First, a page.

POSC 387 - Reason and Relativism in Social and Political Thought
How can one understand human beings when they seem to have such a complicated variety of interests and motives? Not only does behavior vary dramatically across cultures and over time, but so do conceptions of truth, God, religion, morality, justice, and the good. Differences abound. The intent of this course is to look at the controversies that divide social and political theorists in their effort to understand human beings and the human condition. In the process students discover that beneath conflicting theories are recurring themes concerning subjectivity and objectivity, the nature of human beings, theories of self and other, as well as a debate over rationality, irrationality, truth, and knowledge. By better understanding these controversies students gain new insights into human nature, human knowledge, and the human condition.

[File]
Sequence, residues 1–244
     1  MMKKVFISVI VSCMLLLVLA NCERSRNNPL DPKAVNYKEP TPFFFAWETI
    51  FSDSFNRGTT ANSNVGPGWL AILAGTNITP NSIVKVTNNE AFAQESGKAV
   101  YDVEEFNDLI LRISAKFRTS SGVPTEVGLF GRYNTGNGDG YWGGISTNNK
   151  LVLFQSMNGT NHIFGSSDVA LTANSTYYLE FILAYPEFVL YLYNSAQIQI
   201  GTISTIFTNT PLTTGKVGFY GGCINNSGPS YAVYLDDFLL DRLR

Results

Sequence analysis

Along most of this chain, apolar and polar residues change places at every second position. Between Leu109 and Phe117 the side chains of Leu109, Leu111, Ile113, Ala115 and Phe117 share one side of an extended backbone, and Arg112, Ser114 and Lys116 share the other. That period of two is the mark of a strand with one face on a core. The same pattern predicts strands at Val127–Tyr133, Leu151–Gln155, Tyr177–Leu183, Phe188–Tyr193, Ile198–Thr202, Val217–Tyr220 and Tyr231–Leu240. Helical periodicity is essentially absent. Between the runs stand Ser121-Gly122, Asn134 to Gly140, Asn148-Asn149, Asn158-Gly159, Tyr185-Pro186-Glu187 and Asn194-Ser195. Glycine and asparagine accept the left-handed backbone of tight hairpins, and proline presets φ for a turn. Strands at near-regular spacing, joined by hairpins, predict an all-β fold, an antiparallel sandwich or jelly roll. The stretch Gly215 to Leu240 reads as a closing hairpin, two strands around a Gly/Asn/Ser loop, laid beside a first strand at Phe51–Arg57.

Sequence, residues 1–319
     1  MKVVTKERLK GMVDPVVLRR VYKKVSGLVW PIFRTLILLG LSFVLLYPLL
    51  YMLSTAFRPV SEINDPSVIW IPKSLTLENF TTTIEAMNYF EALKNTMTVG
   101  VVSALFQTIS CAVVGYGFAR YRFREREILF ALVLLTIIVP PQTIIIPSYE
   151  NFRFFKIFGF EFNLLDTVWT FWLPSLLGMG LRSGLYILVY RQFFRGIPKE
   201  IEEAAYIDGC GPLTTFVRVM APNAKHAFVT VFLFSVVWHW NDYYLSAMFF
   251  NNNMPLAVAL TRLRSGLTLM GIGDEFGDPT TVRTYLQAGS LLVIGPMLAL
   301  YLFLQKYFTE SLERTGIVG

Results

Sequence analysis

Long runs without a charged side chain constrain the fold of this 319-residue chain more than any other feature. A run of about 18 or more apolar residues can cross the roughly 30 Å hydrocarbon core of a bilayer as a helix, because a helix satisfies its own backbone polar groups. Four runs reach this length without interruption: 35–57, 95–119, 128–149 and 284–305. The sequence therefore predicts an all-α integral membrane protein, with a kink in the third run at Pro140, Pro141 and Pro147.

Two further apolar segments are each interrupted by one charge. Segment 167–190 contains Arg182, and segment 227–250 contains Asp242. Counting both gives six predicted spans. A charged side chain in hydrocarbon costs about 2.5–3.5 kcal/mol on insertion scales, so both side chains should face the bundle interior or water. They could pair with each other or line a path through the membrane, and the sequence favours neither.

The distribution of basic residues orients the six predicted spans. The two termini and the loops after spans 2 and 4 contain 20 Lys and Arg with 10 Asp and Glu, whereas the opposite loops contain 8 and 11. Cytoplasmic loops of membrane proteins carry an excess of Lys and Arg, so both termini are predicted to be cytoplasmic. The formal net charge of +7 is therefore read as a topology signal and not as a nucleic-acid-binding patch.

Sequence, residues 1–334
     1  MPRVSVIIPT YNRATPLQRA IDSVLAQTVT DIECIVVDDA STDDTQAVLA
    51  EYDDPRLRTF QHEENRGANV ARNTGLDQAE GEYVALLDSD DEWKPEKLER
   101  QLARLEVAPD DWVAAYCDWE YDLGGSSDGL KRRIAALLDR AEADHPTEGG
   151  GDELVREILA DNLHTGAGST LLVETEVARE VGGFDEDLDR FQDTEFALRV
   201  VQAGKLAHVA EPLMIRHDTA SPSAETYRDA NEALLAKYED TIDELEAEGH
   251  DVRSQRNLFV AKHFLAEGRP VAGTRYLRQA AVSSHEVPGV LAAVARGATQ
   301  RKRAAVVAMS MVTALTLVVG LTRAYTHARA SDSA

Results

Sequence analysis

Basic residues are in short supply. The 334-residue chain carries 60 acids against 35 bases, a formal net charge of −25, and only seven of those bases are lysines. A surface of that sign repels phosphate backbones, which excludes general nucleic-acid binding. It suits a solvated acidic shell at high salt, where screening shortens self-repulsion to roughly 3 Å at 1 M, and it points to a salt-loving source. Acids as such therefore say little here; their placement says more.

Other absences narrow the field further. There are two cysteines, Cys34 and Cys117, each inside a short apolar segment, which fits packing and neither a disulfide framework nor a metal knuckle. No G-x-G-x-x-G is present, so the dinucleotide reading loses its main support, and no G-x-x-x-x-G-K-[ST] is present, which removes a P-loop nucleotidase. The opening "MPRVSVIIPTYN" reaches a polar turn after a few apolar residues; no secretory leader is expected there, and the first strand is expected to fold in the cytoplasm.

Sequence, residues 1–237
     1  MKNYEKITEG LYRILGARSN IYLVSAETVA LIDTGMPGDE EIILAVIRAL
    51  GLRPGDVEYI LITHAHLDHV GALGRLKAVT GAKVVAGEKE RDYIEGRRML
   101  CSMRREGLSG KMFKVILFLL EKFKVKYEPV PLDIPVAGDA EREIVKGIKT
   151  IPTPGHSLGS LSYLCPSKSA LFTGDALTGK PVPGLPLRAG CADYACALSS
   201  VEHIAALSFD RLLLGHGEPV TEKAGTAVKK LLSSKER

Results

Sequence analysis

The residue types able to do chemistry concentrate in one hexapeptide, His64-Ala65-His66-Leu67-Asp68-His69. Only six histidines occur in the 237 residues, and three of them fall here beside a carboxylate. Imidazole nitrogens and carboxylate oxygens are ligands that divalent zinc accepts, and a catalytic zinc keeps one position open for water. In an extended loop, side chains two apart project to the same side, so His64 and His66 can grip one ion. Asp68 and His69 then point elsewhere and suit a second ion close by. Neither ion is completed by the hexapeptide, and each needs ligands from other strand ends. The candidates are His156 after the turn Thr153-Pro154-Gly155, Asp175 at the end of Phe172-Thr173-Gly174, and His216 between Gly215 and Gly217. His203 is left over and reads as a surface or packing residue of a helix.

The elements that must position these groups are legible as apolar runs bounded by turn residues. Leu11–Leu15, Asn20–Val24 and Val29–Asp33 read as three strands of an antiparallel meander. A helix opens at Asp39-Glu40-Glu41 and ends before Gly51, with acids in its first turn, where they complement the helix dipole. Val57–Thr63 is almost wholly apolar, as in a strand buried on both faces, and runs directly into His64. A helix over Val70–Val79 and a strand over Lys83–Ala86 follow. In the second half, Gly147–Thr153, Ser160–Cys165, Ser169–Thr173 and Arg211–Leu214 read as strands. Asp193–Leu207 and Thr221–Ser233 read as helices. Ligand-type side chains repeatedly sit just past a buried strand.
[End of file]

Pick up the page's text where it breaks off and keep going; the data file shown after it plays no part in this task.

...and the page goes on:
Major/Minor Restrictions: None
Class Restriction: None
Area of Inquiry: Social Relations,Inst.& Agents
Liberal Arts CORE: None
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